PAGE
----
Singer Kim Kline Possesses Star Power - page 3

By Jeff Ferrantino on January 31, 2007

Kim Kline, pictures, picture, photos, photo, pics, pic, images, image, hot, sexy, music, artist, songs, albums, lyrics, interviews"I think every situation is different. For me, if the right opportunity presented itself, then [signing] would definitely be something that I would entertain. But right now, I'm pretty much a self-contained artist and I'm loving the fact that I'm able to do that and it's working for me. You hear the good stories about the artists who are happy with their record deals, and then you hear about the artists that got the crappy side of the deal and my heart goes out to any of those people, because you're dealing with people's dreams and emotions.

"We definitely have conversations and we're on certain people's radar, but you look at a Linkin Park and a lot of these bands, they did what I'm doing. They built from the ground up. They built a name for themselves. They built a fan base and they got out there. And when you do that as an artist, you get a lot more respect, and it can ensure you a little bit of that longevity, because I don't want to be that artist who is here today and gone tomorrow. I'm not looking for five minutes of fame. I'm looking for a career in music and to be able to express myself through my music."

When you speak with Kline, you get the feeling that she could talk about music nonstop. Her passion is obvious, and she feels very strongly about some of the mistakes made by the industry in recent years.

"I feel like where music is at, not all of it, but some of it, it's been about the marketing and the look, rather than the actual art of the music, and I think that has caused the music industry to suffer," Kline says. "That's one thing that really saddens me very deeply because there's Alicia Keys and Christina Aguilera and John Mayer, those artists like that are a handful — the true artists. And while they also have the look, it's really the true raw talent that they have. It's not about, Oh, they look hot and they're out there in their frickin' underwear performing. That's not what it's about for me. I love true artistry. That's what saddens me about the music industry — we've forgotten what it's all about. Janis Joplin didn't look like that back in the day — know what I'm saying?"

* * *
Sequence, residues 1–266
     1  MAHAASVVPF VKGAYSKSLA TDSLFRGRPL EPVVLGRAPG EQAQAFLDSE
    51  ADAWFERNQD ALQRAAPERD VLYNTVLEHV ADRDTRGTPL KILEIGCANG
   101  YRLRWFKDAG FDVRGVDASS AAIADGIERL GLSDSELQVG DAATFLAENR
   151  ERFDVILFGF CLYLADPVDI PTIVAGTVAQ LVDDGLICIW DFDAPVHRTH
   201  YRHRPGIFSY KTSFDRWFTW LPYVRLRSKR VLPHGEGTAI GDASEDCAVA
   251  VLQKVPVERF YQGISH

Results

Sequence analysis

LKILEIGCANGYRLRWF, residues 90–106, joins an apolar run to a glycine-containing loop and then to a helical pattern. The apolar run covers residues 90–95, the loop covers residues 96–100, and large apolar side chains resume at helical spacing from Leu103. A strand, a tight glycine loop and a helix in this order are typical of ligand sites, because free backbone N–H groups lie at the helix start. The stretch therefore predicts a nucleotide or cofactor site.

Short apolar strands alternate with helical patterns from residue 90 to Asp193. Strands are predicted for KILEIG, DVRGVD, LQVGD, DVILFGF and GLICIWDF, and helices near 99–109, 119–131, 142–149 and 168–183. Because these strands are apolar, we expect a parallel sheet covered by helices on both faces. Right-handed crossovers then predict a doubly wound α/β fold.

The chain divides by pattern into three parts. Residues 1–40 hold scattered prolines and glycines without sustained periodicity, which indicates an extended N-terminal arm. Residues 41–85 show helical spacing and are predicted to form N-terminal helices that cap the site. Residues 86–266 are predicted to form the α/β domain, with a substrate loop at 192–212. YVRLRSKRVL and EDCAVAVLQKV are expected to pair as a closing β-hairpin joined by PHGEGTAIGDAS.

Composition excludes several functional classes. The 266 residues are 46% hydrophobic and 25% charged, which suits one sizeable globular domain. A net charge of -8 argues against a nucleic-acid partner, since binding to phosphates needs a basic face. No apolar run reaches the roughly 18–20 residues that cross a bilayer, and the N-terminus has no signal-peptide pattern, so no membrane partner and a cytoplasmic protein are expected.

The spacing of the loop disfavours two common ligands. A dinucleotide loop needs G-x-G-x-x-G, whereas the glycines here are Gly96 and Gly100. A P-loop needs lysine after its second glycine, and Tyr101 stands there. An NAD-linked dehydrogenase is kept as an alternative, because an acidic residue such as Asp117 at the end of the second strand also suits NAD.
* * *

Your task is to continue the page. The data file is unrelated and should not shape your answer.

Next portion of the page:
Much of Kline's desire and dedication is drawn from the strength that she developed as a child, where she grew up in a divorced family. Her mom worked full-time, while her dad lived several hours away in Austin.

"I was one of those types of kids that had to raise themselves," she recalls of her childhood. "I definitely had to put on a big girl's pants at an early age and take care of myself. For me, growing up like that made me the person that I am. You go through those trials and tribulations and it makes you that much of a stronger person."

For Kline, those same experiences have led to the strong songwriting skills that she is known and respected for.

"I think that's the beautiful thing about music, and I think that's why so many people are passionate about music, whether you play it or just listen to it," says Kline. "When you turn on the radio and you hear a song that you can relate to, you say, 'Oh my God, I feel like they wrote that for me. I can relate to that.'

"I always get people asking me, 'Oh, I have a great song for you, can I write a song for you?' I'm always extremely flattered, but to be honest with you, that's what makes me able to get those skeletons out of my closet and work through my emotions and what I'm feeling. For me, it's kind of like a relief. I don't ever write a song like, 'OK, are people going to get this?' I just write what I feel, and as long as it comes from the heart, it's going to be well-received anyway because it's true, and it's genuine, and it's not contrived."